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‘Political-Timing-Specific’ Performance Art in the Realm of the Museum
Hélia Marçal and Daniela Salazar
‘Political-Timing-Specific’ Performance Art in the Realm of the Museum: The Potential of Reenactment as Practice of Memorialization
Can reenactments be a way to create counter-narratives in and for the museum? Through the analysis of political performance (or what the artist Tania Bruguera calls ‘political-timing-specific’ artworks), this essay discusses the potential of reenactment as both a practice of materializing memories and narratives of oppression and of rethinking museum policies in terms of preservation and display. Its main argument is that, while the archive can be regarded as a form of materializing the memory of these works, reenactment is more than a way of recovering the past; it is also a device for reconstructing memories of activism and oppression. This essay further suggests that reenactments of political-timing-specific works demand a change in accessioning, conservation, and presentation practices, which might be inclined to erase decentralized art-historical and material narratives.
2022. reenactment; museum; activism; political-timing-specific art; memory
Re-Presenting Art History
Re-Presenting Art History: An Unfinished Process
Can reenactment both as reactivation of images and restaging of exhibitions be considered an alternative way of tackling the critical task to re-present art history (i.e., to present it anew) in the here and now, over and over and over again? The gesture of restoring visibility to something no longer present, reactivating or reembodying it as an object/image in and for the present, is here proposed as a (political) act of restitution and historical recontextualization. Examining the boundaries between past and present, original and copy (as well as originality and copyright), repetition and variation, authenticity and auraticity, presence and absence, canon and appropriation, durée and transience, the paper focuses on remediation, reinterpretation, and reconstruction as creative gestures and cultural promises in contemporary art practice, curatorship, and museology.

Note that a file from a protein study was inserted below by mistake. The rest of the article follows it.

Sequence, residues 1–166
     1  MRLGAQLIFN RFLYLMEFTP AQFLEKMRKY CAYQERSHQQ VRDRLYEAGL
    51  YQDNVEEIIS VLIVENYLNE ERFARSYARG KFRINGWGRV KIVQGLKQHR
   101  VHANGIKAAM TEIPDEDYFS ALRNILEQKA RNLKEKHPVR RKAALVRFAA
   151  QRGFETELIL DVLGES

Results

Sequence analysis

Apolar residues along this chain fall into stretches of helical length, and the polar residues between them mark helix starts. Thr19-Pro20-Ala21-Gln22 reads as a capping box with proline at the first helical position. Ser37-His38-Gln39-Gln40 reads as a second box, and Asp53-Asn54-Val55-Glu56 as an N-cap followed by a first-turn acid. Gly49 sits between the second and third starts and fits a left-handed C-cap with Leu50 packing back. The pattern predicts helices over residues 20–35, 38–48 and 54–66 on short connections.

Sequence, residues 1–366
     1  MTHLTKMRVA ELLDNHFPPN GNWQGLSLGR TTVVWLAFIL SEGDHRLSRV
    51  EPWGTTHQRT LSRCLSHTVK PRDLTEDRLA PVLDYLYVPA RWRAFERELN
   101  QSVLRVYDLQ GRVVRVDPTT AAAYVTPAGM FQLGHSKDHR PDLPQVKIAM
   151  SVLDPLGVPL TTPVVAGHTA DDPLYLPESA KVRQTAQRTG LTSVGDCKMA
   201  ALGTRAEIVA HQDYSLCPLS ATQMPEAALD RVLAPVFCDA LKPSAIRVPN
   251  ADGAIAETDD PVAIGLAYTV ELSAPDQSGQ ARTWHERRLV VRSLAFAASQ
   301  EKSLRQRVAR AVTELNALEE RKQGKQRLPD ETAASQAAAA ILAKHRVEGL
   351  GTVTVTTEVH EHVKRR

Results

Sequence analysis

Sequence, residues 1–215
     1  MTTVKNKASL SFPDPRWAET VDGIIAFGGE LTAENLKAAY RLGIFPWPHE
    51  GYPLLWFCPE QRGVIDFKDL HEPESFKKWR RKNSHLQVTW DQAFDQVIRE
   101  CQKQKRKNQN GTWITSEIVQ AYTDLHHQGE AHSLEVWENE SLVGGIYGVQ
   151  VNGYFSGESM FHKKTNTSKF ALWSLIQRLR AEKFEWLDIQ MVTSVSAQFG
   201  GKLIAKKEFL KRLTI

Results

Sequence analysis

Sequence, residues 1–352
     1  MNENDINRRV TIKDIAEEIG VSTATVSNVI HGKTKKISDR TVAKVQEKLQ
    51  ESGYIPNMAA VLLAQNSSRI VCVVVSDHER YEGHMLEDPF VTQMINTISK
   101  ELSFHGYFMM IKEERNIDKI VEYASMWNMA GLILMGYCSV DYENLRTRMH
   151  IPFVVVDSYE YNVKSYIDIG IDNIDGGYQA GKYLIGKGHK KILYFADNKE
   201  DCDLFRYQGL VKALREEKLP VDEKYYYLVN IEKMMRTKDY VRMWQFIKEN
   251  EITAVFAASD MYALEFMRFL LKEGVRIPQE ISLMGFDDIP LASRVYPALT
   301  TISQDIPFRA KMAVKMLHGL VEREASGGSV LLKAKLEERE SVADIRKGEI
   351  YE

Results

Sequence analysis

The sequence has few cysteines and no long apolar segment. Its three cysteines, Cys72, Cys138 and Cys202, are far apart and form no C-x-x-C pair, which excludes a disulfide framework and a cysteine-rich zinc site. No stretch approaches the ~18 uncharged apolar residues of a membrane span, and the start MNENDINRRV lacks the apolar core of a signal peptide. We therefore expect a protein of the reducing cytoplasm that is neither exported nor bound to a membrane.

2022. re-presentation; contemporary art; postmodernism; curatorship; art history; Aby Warburg; museology
Interruptions and discontinuity are the very essence of Aby Warburg’s conception of the temporality that affects art objects. Beneath the seemingly immobilized expressive gesture, the Hamburg scholar recognizes the vitality of the Pathosformeln that convey the intricacy of human multi-layered temporality, made of interruptions, resumptions, inversions, regressions, stops, accelerations, and survivals (Nachleben). In this sense, Warburg’s idea of ‘renewal’, which he developed from his well-known investigation of the Italian Renaissance, does not quite overlap with the notion of rebirth: an expressive gesture can re-emerge and be renewed in a different time without dying and being born a second time with a different form.
2019. Aby Warburg; Pathosformel; Nachleben; Kreuzlingen; regression